You’ve got that nagging feeling.

Hey, you supervisors and managers out there: Tell me, do any of these situations strike a chord with you?

  1. He always leaves work at 4:30PM but his car is rarely in the parking lot when I pull in at 8:00AM.
  2. She’s making a lot of mistakes and doesn’t seem aware of it. And, several project deadlines are slipping.
  3. She accomplishes whatever I send her way and the work is consistently exceptional; still, she seems rattled and tense.

If any of the above sound familiar, you might already understand what I mean by that nagging feeling. It’s the feeling you get when you casually observe the behavior of someone on your team but you push the concern aside because it’s hard to deal with or you’re not sure you’re assessing a situation accurately. What should you do when you get that nagging feeling? Don’t ignore it – trust it.

Supervising people is about relationships. Over time, you develop instincts about the individuals on your team, and that makes you are a better manager. If you notice someone on your team is stressed, talk about it. If you observe something negative, approach the person and ask. It is better to check in on a performance problem when it is small and still easily modified than when months have gone by and the stakes are much higher. You can’t have a relationship with someone if you don’t care about their circumstances. And, team members will rise to the expectations you set for them.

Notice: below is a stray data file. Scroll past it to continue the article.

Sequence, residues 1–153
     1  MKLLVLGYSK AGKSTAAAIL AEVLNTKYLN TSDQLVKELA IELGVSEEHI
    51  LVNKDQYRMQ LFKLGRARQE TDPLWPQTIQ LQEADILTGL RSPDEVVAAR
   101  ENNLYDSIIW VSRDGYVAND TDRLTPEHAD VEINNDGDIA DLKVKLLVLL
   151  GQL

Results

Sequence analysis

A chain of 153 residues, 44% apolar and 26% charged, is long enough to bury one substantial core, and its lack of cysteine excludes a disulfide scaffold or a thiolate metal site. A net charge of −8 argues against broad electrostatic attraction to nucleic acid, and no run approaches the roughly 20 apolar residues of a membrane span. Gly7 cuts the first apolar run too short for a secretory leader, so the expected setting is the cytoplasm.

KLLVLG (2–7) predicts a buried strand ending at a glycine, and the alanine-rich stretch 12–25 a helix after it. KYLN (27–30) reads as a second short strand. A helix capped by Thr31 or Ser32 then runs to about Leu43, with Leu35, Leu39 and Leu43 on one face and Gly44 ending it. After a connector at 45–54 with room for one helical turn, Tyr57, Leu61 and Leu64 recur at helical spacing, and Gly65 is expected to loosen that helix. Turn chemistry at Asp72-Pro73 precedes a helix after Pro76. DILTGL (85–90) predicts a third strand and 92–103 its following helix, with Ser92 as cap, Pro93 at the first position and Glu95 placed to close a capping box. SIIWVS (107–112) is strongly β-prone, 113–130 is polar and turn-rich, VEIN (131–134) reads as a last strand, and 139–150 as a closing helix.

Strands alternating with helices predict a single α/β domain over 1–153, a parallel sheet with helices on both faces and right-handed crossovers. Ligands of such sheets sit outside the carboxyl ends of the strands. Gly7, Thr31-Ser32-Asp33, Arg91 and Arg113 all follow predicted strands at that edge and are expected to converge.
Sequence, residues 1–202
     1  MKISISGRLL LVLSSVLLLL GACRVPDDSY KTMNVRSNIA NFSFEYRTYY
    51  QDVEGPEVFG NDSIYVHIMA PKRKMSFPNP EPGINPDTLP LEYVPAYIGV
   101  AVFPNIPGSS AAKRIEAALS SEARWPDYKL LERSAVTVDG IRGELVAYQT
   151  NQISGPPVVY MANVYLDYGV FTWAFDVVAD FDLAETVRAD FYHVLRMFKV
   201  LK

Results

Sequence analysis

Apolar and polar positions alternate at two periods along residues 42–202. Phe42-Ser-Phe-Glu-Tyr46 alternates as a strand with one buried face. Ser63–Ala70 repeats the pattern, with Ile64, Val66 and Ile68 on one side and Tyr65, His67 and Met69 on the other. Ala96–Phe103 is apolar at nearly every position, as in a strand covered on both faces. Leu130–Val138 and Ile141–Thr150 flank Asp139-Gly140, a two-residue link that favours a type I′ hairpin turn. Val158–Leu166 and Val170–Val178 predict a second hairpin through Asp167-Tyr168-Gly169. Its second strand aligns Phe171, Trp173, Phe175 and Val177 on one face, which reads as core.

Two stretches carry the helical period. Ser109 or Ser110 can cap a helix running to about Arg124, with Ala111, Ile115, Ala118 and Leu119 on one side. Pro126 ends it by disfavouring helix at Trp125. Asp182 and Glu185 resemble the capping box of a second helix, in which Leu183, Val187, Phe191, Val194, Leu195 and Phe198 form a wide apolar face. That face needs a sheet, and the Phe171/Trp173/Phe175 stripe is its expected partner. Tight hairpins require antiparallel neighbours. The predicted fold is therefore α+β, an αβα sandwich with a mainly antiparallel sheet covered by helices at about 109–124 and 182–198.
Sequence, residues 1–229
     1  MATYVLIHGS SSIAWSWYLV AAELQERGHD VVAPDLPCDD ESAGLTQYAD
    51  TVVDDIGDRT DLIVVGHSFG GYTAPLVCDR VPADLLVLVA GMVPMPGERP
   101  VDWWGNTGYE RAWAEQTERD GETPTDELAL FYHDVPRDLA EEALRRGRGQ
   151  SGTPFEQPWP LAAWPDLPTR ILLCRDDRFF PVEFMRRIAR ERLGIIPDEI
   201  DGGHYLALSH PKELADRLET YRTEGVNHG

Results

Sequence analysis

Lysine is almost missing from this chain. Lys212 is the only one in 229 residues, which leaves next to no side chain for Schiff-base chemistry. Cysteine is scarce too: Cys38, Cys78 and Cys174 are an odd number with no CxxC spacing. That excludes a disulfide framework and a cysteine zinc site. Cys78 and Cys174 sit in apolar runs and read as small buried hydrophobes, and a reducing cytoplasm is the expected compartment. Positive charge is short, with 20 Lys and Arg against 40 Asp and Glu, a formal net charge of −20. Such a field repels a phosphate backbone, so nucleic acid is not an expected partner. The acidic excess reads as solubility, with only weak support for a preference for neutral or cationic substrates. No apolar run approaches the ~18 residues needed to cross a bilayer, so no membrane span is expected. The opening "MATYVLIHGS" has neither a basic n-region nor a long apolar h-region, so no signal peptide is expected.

This post, Three Signs Your Company Culture is Going Down the Tubes, references two results you’ll likely get if you ignore small problems. Allowing performance to slip and taking on the “that’s not my responsibility” attitude will put you on the path toward an organization that is unhealthy. Observe the early warning signs, recognize that nagging feeling, and act on it. If you are a manager, it’s your job. Enough said.

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